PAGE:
Roundabout (PlayStation 4) review
"Spinning limos, therefore, I drive."
Roundabout is a fine example where a game can both bring you a witty experience and a legitimately fun ride where it makes no sacrifice in either department. The B-Movie style of cutscenes with atrocious acting, awful script-writing and all sorts of other 'mistakes' are worth quite a few laughs, while the gameplay of your constantly rotating limousine is tricky, challenging and save for a few instances where you'll call foul, bizarrely entertaining.
Enough time has been spent harping on the nature of Roundabout's live-action cutscenes with the comedy that it brings, so I'll merely be parroting the good points regarding the humor, acting and production quality that is all borked on purpose, which is what makes it so enjoyable (I swear, they use the same damn briefcase three or four times for different characters!). What isn't as mentioned as often is how smart Roundabout's humor is, where unlike Swery65's recent work, they're not trying too hard, reaching for jokes or bizarre moments to really try and elicit a laugh out of you when it just clearly won't work. An actress looking directly at the camera, children doing their worst (see: best) cheer for excitement, a rich man who calls just about everyone Jeeves while making rotation-based puns, there aren't many outright punchlines in Roundabout (at least as I can remember), so the numerous laughs I had came from the sheer ridiculous nature of the passengers Georgio (which is a woman's name???) picks up during her time as a rotating chauffeur. Cutscenes don't overstay their welcome even if they pop up during a mission, generally staying under one or two minutes to not keep you too long from the gameplay. The actors come in, get the point or plot (yes, they try to tell a story in this game) across, try and get a chuckle from you, and then get on with it, not pulling a Family Guy and jabbing a gag at you until the writer's get bored or you turn it off. At worst it makes the game quite amusing and at best it makes you want to press on to see which weirdo hops into the back seat next and what their deal is (and to see if they'll say 'Let's go, Georgio!' which makes me want a t-shirt of that line).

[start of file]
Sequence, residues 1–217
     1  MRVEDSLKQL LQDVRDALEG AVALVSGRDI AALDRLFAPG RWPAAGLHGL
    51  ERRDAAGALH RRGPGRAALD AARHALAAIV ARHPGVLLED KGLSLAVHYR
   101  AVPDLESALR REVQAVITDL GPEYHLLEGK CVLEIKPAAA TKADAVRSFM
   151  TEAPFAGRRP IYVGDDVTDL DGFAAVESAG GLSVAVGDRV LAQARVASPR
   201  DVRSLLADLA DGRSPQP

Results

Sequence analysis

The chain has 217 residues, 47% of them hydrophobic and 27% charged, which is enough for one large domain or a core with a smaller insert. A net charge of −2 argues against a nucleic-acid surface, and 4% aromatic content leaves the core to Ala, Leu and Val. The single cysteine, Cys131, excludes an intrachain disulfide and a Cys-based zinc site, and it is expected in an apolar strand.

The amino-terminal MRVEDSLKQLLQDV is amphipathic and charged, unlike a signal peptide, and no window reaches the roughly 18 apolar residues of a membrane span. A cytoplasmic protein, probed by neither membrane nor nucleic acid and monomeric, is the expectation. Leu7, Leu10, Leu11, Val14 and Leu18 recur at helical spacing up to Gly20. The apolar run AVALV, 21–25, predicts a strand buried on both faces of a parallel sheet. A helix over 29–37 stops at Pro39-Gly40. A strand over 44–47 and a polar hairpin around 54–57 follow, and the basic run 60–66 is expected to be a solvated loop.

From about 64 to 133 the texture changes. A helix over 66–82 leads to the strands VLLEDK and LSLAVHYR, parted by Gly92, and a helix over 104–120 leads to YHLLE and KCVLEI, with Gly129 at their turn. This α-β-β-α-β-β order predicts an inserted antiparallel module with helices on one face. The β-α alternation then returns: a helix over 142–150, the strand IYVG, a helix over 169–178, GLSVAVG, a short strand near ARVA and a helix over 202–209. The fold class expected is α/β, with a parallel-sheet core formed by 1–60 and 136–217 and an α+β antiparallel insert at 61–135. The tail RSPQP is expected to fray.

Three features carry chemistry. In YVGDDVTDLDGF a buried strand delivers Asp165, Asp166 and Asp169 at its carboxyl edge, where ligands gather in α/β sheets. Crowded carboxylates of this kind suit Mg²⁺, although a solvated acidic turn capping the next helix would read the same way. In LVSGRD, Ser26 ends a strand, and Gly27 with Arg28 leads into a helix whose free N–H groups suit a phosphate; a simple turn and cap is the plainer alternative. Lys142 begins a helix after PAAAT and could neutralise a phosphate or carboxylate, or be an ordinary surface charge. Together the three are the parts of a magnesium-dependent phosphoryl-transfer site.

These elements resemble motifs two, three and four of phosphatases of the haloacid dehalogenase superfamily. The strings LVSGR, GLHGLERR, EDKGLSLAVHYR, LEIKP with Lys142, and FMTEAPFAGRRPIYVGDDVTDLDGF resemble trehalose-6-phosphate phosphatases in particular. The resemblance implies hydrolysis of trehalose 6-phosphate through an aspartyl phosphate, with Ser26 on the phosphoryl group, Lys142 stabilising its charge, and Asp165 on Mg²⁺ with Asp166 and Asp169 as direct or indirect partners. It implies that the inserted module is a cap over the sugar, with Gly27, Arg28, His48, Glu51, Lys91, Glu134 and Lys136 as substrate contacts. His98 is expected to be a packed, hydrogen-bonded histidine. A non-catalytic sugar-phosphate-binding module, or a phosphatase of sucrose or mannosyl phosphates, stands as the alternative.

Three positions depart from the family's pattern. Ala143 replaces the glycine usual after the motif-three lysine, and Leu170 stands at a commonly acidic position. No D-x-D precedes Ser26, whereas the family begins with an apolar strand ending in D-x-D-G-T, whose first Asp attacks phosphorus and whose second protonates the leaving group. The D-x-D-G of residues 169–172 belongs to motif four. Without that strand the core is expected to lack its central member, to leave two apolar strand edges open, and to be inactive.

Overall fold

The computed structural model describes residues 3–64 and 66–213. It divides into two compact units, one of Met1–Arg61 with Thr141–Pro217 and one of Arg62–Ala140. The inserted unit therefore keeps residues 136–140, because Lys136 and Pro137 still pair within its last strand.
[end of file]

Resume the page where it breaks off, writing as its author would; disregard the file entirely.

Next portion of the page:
You're no doubt well-aware that you drive a rotating limousine in the game, and if you wondered if controlling such a vehicle is weird, it is... At first, that is. The entire map of the game is designed in such a way to prey upon your constantly spinning ways, but your rotation is done automatically; all you have to do is steer your ride and avoid smashing into everything along the way. Controlling your limo is nice and responsive (you'll quickly get a feel for the controls within a short amount of time) though it's far from a supercar, so changing direction instantly won't be happening which will result in bashing into a few obstacles here and there, and taking enough damage will result in a violent explosion killing you and your passenger - But you'll respawn at the last checkpoint in order to try again. Death is only a minor setback in Roundabout, where you're only penalized with lost time and not being able to get a 100% rating on your current mission. Later on you'll be able to cause your limo to jump (among other changeable upgrades), allowing you to access rooftops and other areas in order to pick up extra horns to sound off with, multipliers for your score by collecting coins and murdering civilians in cold, unpunished blood, or cash in order to purchase property for more money collection, paint jobs or hats for your vehicle. If you're not playing Roundabout for the comedy, you'll be playing it for the various elements of being a collect-a-thon (the Sick Jump tokens hidden away, cash stacks, horn unlocks), a completionist (acing every mission's objectives which isn't the easiest thing ever), a competitor (there are various challenges and mini-games with leaderboard support for your friends or the top spot), or just going through the main story which is fun all on its own.